October 2016        

The coming of the new left

Tommy McKearney

Fianna Fáil continues to support the Fine Gael-led coalition in spite of having done a U-turn on water charges.
     Its move against Uisce Éireann was more than simple opportunism. On the one hand it certainly did indicate a party preparing for the next general election by endeavouring to clear as many obstacles from its path as possible. Equally so—and this is important—Fianna Fáil populists have recognised that there is a changed political climate in the Republic. They may not have realised, though, that it is more than a passing phase. The financial collapse of 2010 and subsequent leeching of the 26-Counties’ people by the Troika has revealed a powerful socio-political constituency at odds with the status quo. What is not obvious, though, is the direction in which this movement is heading.
     Politics in the south of Ireland was dominated until recently by three conservative political parties; and no matter how much some of us despaired, the people appeared content with the arrangement. No longer though. Fianna Fáil’s somersault actually went some way towards underlining this fact. Thanks in no small measure to Mícheál Martin’s Pauline conversion, the fate of the water tax is sealed for the time being, and few of its opponents can have failed to recognise this.
     In spite of that, last month saw one of the largest protest demonstrations in Dublin this year. Thousands took to the streets demanding the definitive abolition of a virtually defunct tax.
     How does such energy remain in a campaign that is seemingly won? The reason is that something profoundly different and important has undoubtedly happened. A goodly proportion of the population is deeply uncomfortable with the existing model of governance, epitomised by the major parties that have held power over the decades. After several years of austerity and the bailing out of bankers, we are now witnessing the bizarre and offensive spectacle of a Dublin government refusing to collect €13 billion in tax from the world’s wealthiest corporation.
     Working people are understandably angry—so angry, indeed, that the Irish Independent reported that the Gardaí closed off Molesworth Street for a day in September, apparently fearing that “angry protesters would strike again as the Dáil resumed recently after its summer break . . .”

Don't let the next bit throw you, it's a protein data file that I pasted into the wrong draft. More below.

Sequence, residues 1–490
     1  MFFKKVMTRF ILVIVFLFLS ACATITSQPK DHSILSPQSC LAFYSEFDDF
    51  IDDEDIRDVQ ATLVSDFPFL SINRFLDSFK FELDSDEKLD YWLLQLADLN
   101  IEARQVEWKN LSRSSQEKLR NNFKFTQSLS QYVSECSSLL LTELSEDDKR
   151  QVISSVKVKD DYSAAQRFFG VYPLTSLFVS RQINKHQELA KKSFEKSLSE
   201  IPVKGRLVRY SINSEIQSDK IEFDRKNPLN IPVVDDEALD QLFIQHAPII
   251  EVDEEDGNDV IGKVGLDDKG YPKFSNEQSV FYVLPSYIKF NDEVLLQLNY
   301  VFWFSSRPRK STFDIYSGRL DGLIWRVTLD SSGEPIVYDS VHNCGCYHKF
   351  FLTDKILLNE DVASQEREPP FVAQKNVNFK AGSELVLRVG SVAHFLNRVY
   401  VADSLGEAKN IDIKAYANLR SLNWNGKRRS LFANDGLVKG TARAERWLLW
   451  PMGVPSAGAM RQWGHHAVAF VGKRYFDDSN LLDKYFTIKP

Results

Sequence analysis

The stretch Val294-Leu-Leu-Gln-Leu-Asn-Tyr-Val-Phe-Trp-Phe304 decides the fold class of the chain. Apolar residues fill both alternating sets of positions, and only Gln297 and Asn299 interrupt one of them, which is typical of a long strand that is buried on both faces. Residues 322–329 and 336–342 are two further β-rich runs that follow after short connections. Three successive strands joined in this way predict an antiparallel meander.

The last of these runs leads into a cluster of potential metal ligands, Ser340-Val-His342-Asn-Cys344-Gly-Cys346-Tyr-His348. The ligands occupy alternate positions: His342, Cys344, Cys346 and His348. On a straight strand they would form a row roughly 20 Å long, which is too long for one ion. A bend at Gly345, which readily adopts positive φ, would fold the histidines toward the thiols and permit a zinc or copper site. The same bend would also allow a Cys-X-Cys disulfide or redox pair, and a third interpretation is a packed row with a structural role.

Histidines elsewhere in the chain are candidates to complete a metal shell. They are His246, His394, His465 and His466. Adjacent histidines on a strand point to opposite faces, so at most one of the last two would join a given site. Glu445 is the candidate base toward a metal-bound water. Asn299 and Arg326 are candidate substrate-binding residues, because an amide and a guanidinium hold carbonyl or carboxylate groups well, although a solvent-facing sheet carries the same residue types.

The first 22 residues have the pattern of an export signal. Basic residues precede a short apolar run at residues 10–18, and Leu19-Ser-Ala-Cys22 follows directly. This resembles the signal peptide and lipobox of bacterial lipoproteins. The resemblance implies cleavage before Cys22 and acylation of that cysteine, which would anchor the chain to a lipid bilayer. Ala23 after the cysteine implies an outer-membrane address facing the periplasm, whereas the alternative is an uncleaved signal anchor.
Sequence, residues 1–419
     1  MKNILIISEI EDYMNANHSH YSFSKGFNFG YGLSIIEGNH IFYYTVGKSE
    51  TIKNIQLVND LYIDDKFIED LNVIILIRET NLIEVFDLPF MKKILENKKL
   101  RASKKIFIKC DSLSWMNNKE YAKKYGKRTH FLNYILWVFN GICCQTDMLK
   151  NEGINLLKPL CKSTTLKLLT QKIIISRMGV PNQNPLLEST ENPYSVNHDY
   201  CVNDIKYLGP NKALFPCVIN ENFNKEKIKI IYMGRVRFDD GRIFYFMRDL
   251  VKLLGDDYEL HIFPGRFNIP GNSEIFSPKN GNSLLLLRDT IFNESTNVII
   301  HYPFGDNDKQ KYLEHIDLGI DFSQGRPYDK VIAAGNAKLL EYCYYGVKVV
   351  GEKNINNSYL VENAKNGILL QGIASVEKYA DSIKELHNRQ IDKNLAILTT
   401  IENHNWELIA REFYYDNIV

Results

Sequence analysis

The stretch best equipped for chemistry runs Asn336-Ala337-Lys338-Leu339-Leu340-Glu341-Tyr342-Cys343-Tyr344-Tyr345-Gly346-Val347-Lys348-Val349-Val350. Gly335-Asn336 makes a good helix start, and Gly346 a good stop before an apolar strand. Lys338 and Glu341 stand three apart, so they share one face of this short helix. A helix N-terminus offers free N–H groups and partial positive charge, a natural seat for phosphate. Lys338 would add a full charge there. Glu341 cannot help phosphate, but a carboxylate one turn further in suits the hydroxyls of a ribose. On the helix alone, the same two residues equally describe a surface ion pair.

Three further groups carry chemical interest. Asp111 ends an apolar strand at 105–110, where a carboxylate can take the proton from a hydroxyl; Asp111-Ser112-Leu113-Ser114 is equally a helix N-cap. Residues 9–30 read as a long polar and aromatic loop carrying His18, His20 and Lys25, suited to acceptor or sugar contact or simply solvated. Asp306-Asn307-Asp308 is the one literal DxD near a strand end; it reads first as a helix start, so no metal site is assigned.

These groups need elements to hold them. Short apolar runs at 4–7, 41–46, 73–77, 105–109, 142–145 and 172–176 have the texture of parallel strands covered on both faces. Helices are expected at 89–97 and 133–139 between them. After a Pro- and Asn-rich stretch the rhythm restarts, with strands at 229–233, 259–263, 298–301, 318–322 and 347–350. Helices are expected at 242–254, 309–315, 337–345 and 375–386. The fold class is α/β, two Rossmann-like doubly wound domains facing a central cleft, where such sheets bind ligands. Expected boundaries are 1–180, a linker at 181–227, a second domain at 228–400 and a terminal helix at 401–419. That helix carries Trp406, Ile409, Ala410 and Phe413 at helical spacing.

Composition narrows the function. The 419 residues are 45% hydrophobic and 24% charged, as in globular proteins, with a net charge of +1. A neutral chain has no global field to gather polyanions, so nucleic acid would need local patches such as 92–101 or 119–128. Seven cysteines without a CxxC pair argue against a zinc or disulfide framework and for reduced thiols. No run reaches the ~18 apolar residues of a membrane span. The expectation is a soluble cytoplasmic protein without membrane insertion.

Even allowing for Indo hype or Garda overreaction, this is a remarkable situation, with a government seemingly frightened by its own citizens. Nor is this a localised Irish phenomenon that may exhaust itself through the granting of limited concessions. Similar sentiments are being expressed throughout Europe and North America. So disenchanted have people become with the working out of contemporary capitalism that even powerful representatives of the global elite are openly concerned.
     Their worries were summarised by a recent editorial in the Financial Times that stated that “supporters of open markets and liberal values are acutely aware that they are facing a political backlash that threatens the current international order . . . Christine Lagarde spoke of the ‘groundswell of discontent’ felt in many countries with growing inequality in income wealth and opportunity.” The article went on to mention other concerned members of the global elite, including the EU bosses Donald Tusk and Mario Draghi. Needless to say, the moneyed people’s newspaper only offered free-market solutions.
     This belief in free-market economics, long shared also by social democrats, is now being challenged to a greater extent than at any time since the 1930s. Events in England, with the consolidation of Jeremy Corbyn’s position at the head of Britain’s Labour Party, are further proof of what is happening.